Skip to Main Content
Recovery of snow-bent young western larchAuthor(s): Wyman C. Schmidt; Jack A. Schmidt
Source: Gen. Tech. Rep. INT-GTR-54. Ogden, UT: U.S. Department of Agriculture, Forest Service, Intermountain Forest and Range Experiment Station. 13 p.
Publication Series: General Technical Report (GTR)
Station: Intermountain Forest Experiment Station
PDF: View PDF (3.6 MB)
DescriptionThis paper illustrates how much, how long it takes, and the method in which young western larch responds to snow bend. A 13-year-old vigorous larch stand was flattened by a heavy, wet snow in June 1966 in northwestern Montana. We recorded photographically how two different crown classes (dominant and nondominant) of young larch subjected to four levels of snow beud (slight to severe) recuperated during the 11-year period following damage. The vigorous condition of the supple young larch contributed greatly to their remarkable recover.
- You may send email to email@example.com to request a hard copy of this publication.
- (Please specify exactly which publication you are requesting and your mailing address.)
- We recommend that you also print this page and attach it to the printout of the article, to retain the full citation information.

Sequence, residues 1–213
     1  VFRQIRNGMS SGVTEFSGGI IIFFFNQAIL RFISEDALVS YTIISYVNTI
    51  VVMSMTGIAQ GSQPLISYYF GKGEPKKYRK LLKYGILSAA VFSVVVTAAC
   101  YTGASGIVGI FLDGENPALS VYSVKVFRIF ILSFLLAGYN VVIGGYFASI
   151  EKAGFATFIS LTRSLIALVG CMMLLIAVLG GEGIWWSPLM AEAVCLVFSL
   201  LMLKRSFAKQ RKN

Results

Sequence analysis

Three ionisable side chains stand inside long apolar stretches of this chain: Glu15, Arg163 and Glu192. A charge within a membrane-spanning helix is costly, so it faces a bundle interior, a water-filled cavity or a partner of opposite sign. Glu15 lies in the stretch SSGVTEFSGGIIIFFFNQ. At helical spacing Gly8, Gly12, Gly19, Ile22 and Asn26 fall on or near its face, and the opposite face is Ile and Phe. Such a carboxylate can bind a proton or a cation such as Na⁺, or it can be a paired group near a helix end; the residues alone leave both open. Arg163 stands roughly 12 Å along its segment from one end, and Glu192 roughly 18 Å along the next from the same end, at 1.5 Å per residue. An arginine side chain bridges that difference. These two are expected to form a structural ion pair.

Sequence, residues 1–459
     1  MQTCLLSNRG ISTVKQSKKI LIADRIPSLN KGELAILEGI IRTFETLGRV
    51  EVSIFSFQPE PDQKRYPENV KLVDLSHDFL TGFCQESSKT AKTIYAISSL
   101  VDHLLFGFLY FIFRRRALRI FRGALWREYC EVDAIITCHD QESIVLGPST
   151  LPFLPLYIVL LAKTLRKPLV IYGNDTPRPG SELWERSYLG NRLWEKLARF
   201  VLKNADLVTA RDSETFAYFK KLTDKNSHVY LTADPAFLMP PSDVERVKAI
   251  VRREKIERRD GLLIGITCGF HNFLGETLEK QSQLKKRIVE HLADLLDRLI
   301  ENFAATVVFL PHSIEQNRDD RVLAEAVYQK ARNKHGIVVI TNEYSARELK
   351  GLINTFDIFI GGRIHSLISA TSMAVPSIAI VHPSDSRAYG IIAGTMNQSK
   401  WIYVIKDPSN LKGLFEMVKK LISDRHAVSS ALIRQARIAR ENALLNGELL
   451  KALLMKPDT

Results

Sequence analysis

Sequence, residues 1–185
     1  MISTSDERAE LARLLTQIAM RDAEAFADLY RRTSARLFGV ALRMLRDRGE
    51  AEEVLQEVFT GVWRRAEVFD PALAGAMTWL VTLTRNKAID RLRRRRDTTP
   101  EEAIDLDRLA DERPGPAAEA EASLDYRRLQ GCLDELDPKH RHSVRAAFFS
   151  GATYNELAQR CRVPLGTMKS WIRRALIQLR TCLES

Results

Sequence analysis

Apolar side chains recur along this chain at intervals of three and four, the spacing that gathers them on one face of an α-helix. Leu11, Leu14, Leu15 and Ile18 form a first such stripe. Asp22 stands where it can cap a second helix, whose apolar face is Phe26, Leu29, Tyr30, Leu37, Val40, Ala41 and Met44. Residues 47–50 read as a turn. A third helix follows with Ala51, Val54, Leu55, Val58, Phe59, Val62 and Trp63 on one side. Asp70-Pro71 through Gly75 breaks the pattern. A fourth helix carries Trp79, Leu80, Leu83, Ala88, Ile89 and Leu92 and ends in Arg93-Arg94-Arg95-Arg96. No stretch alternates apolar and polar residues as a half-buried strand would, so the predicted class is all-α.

- This article was written and prepared by U.S. Government employees on official time, and is therefore in the public domain.
CitationSchmidt, Wyman C.; Schmidt, Jack A. 1979. Recovery of snow-bent young western larch. Gen. Tech. Rep. INT-GTR-54. Ogden, UT: U.S. Department of Agriculture, Forest Service, Intermountain Forest and Range Experiment Station. 13 p.
KeywordsLarix occidentalis, western larch, snow bend, snow damage, crooked boles
- How does western spruce budworm feeding affect western larch?
- Stand density in relation to biological functions in young western larch forests
- Cone and seed production of western larch in response to girdling and nitrogen fertilization - an update
XML: View XML